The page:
A wake-up call for Mumbai
Covid-19 has exposed the city’s many underlying weaknesses
India’s financial capital, Mumbai, now has over 30,000 cases of the coronavirus disease (Covid-19); more than 1,000 people have died due to the infection. On May 24 and 25, the city reported the second highest number of cases among cities anywhere in the world, right after Moscow. One in every five cases in India can be traced back to the city, while one in every four people who has died nationally has been a Mumbai resident. It has singularly made Maharashtra the most severely affected state in the country, with cases going beyond 50,000, and rising every day.
There are, of course, immediate triggers for the surge in cases. To its credit, Maharashtra has also tested more people than the national average. But the systemic weaknesses are clear — the delay in screening passengers in the earlier part of the year (which was not unique to Maharashtra but appears to have had a greater impact in terms of spread), the failure to use the lockdown to ramp up health infrastructure, the absence of proper coordination which has resulted in patients having to rush from hospital to hospital in search of critical care services, and the high number of health care workers who have got infected.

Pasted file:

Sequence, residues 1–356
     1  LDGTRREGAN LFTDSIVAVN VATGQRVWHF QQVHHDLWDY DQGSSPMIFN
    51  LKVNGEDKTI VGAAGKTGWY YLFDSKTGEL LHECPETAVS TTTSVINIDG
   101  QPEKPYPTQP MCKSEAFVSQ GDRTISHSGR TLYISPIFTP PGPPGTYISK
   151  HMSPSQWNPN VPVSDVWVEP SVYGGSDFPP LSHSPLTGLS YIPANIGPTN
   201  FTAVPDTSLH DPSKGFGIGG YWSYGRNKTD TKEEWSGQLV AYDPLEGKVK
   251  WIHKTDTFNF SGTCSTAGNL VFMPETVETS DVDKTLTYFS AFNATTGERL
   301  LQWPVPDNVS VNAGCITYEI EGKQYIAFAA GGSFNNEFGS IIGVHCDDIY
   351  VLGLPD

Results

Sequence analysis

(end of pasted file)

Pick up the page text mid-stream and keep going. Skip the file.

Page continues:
But these are symptoms of a wider crisis. Mumbai is a symbol of India’s flawed urbanisation and poor planning. It has a high density of population, with the least proportion of open spaces per 1,000 people. Slums occupy 7% of the city’s land area, but, according to the 2011 census, four out of 10 residents lived in slums — a proportion that may have grown. A corrupt nexus between political authorities, private businesses and real estate developers has meant that precious public land, which could have been used for public housing, has been taken over by private operators. Sixty per cent of the slum households don’t have toilets and there is a substantial shortage of public toilets. But instead of eradicating the squalor, the city has taken pride in it — to the extent of romanticising it. The disparity in health systems is stark, with super specialised private hospitals coexisting with an abysmal public health care system. While the overcrowded local train may be an iconic symbol of the city, it actually represents the weakness of public transport systems. Despite having the richest local government body in the country, municipal governance is weak. All of this — the absence of adequate public housing, public health, public transport, sanitation — has today come back to haunt the city. Mumbai must, for its sake and for the sake of India, use this crisis as a wake-up call.